27 Cognitive Radio Communications and Networks: Principles and Practice By A. M. Wyglinski, M. Nekovee, Y. T. Hou (Elsevier, December 2009) 27 QoS Provisioning Opportunistic Access Overlay Approach Underlay Approach Chapter Summary Outline

28 Cognitive Radio Communications and Networks: Principles and Practice By A. M. Wyglinski, M. Nekovee, Y. T. Hou (Elsevier, December 2009) 28 In some scenarios, primary-secondary negotiation is not feasible Recall the case secondary access to TV bands, authorized by FCC Another example: if primary system is a RADAR In that case, secondary should opportunistically access the licensed band Recall Overlay is one possibility: only transmit when primary signal is not detected in a band Secondary should shape its transmitting signal to avoid collision with primarys signal Opportunistic Access: Overlay Approach

29 Cognitive Radio Communications and Networks: Principles and Practice By A. M. Wyglinski, M. Nekovee, Y. T. Hou (Elsevier, December 2009) 29 Multi-carrier modulation is a powerful tool to this end OFDM, Multi-carrier CDMA (see below, details in Ch 05) Opportunistic Access: Overaly Approach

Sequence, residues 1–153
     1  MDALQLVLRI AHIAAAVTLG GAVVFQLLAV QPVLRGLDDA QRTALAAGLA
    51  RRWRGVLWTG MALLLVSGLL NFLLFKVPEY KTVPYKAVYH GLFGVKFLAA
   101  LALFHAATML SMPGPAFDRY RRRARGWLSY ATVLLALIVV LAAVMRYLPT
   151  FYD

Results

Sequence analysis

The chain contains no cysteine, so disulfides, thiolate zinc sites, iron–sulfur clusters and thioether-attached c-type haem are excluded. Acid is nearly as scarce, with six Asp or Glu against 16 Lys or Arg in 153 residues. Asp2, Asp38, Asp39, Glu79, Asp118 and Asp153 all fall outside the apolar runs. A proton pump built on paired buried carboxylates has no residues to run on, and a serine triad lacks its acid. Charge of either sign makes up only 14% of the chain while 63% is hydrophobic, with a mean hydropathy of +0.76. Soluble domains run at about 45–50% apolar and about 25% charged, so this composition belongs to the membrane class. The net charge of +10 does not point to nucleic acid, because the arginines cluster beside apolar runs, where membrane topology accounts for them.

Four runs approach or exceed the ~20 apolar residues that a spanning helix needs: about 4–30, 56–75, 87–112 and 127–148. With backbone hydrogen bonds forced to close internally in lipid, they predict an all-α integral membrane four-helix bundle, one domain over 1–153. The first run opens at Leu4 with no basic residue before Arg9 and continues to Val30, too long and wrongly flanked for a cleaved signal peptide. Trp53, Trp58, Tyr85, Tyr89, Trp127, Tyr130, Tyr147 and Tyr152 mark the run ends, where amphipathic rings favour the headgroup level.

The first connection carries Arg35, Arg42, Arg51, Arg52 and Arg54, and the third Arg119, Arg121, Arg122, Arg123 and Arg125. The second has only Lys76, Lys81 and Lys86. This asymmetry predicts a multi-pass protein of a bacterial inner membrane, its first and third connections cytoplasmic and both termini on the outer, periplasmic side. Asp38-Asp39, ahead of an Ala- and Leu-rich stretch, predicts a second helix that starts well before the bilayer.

30 Cognitive Radio Communications and Networks: Principles and Practice By A. M. Wyglinski, M. Nekovee, Y. T. Hou (Elsevier, December 2009) 30 QoS Provisioning Opportunistic Access Overlay Approach Underlay Approach Chapter Summary Outline

31 Cognitive Radio Communications and Networks: Principles and Practice By A. M. Wyglinski, M. Nekovee, Y. T. Hou (Elsevier, December 2009) 31 Another opportunistic SSA method is underlay Recall underlay ensures the received interference of primary remain below a threshold Consider: Opportunistic Access: Underlay Approach Primary User Secondary User N sub-channels

32 Cognitive Radio Communications and Networks: Principles and Practice By A. M. Wyglinski, M. Nekovee, Y. T. Hou (Elsevier, December 2009) 32 Goal: Opportunistic Access: Underlay Approach Average interference limit or Instantaneous interference limit